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Michael Wilson

mcw53@zips.uakron.edu

Lubrizol

My work focuses on adhesion in biological systems using spectroscopy and mechanical testing to understand the chemistry and mechanics of adhesion.



Bio

I am originally from Knoxville, Tennessee. I became interested in materials, especially ones which were not damaging to the environment. Throughout my undergraduate studies in Materials Science and Engineering at the University of Tennessee, I was exposed to the idea of studying natural materials as inspiration for designing new materials.

I came to the University of Akron as a PhD student in the Department of Polymer Science. It was not until hearing from professors at the university, that I was exposed to the discipline of biomimicry. Before this point, I did not know that there was a field devoted to the study of biomimicry, as I had heard about emulating natural materials piecemeal during my undergrad. The aspect of biomimicry which catches my attention is that learning from nature not only provides technological advancement, but also allows us to discover more about the world and our place in it.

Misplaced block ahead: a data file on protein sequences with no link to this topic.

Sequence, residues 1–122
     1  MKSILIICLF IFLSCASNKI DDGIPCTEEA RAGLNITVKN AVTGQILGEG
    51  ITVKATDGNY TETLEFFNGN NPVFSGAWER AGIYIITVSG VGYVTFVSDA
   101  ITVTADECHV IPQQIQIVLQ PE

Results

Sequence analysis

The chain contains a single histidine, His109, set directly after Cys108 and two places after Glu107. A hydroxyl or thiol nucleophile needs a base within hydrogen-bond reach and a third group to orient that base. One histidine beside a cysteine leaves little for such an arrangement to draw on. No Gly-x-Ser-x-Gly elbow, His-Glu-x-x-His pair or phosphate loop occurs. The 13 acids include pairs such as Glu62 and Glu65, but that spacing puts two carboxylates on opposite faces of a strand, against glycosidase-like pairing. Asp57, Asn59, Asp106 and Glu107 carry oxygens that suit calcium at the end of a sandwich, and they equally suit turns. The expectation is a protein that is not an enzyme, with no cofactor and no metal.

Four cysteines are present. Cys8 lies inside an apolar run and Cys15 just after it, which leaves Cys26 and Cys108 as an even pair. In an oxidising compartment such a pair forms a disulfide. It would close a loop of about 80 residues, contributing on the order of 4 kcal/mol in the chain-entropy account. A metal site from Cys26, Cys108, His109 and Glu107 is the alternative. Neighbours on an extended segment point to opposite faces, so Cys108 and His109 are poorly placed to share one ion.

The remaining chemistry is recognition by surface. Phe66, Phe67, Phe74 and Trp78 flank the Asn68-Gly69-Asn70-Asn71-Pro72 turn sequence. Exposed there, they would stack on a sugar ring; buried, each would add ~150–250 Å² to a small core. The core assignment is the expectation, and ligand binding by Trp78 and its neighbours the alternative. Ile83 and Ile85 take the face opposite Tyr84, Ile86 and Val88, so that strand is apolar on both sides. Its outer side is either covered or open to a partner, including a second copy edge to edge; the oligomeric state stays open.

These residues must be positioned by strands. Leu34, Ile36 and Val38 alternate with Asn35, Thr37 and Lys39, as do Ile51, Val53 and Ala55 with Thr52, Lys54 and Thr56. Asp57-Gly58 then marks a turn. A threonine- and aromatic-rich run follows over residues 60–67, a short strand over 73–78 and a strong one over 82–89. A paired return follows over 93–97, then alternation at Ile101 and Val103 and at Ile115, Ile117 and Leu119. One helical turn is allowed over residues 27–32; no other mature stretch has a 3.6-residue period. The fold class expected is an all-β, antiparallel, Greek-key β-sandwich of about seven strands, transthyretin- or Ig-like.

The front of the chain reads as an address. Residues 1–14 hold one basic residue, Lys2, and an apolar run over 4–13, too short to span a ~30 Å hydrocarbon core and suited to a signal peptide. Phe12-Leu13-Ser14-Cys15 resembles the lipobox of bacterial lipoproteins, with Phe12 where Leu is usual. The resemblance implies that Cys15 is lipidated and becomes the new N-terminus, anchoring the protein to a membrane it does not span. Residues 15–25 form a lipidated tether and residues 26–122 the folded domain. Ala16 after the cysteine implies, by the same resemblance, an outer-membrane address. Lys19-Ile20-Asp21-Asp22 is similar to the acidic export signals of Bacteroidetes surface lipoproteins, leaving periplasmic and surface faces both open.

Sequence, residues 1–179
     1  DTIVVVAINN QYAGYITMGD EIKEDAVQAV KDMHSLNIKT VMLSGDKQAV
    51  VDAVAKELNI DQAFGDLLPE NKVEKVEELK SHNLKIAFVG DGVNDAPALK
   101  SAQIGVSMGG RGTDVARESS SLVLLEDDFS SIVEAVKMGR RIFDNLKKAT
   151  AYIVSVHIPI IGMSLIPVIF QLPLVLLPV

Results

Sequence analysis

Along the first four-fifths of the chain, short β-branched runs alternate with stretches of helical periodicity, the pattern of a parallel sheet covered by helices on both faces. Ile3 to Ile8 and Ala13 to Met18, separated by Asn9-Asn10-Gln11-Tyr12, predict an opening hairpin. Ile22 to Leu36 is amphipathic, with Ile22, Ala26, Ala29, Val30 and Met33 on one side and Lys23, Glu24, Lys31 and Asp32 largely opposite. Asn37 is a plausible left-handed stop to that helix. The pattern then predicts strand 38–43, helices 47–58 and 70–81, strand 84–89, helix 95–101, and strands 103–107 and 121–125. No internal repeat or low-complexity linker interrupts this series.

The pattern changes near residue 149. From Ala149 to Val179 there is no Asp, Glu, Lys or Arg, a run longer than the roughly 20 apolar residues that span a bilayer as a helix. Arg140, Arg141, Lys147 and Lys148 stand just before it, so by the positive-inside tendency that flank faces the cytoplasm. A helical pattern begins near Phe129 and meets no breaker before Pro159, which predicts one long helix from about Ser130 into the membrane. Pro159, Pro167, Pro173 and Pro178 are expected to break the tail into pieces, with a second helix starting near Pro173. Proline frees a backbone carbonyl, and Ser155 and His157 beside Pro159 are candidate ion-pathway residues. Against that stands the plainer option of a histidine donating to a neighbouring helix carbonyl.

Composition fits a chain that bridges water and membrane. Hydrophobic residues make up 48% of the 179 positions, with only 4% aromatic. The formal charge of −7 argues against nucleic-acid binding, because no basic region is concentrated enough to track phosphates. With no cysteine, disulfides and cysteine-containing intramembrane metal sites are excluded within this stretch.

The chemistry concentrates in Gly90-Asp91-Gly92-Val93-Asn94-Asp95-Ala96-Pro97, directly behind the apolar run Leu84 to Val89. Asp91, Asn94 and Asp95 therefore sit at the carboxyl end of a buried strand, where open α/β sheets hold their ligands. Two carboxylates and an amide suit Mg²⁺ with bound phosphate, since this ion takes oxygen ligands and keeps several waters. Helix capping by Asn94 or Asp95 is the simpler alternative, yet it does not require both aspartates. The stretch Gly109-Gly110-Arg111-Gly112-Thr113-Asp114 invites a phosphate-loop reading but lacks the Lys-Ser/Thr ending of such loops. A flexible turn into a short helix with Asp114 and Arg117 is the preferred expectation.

PhD Projects

Influence of Substrate Modulus in Gecko Adhesion
Feb 2015 - Current

Investigating the effect of substrate softness on the clinging ability of geckos.


Quantification of Acid-Base Interactions
September 2017 - Current

Using spectroscopy to examine the strength of acid-base interactions of liquids in contact with high-energy solids and comparing with previous literature.


Adsorption of Binary Liquid Mixtures on High Energy Substrates
March 2018 - August 2018

Measuring adsorption using surface-sensitive spectroscopy and comparing with calculations from molecular interactions.


Papers

Influence of substrate modulus on gecko adhesion
13 Mar 2017
Scientific Reports

This work investigates the role of substrate softness of layered composite materials on gecko adhesion. Softness is defined on both a large length scale of the whole composite and on the short length scale of the top layer. The top layer thickness is decreased in order to investigate the relevant length scales in gecko adhesion.



Spectroscopic evidence for acid-base interaction driven interfacial segregation
11 Jan 2019
Physical Chemistry Chemical Physics

This work investigates adsorption from binary mixtures on a high-energy surface using spectroscopy. The strength of interactions are individually calculated and compared to spectroscopically measured adsorption data. Agreement between the methods demonstrates the ability to measure molecular interactions and connect them to macroscopic phenomena.